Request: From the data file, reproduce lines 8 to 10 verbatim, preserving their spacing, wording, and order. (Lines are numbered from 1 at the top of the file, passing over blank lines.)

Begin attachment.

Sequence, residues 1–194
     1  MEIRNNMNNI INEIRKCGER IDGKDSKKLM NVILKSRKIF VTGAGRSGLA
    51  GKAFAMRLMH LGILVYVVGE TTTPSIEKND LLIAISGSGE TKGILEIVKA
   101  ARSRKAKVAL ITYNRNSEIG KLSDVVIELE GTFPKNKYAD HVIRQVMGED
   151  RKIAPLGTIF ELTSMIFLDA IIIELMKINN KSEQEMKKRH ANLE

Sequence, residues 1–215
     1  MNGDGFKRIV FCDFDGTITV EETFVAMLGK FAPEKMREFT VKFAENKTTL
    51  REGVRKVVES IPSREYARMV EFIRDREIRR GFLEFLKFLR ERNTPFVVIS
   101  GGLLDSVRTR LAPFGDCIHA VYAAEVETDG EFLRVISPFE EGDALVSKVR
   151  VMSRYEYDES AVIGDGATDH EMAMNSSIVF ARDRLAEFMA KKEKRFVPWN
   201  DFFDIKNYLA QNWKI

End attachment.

    51  REGVRKVVES IPSREYARMV EFIRDREIRR GFLEFLKFLR ERNTPFVVIS
   101  GGLLDSVRTR LAPFGDCIHA VYAAEVETDG EFLRVISPFE EGDALVSKVR
   151  VMSRYEYDES AVIGDGATDH EMAMNSSIVF ARDRLAEFMA KKEKRFVPWN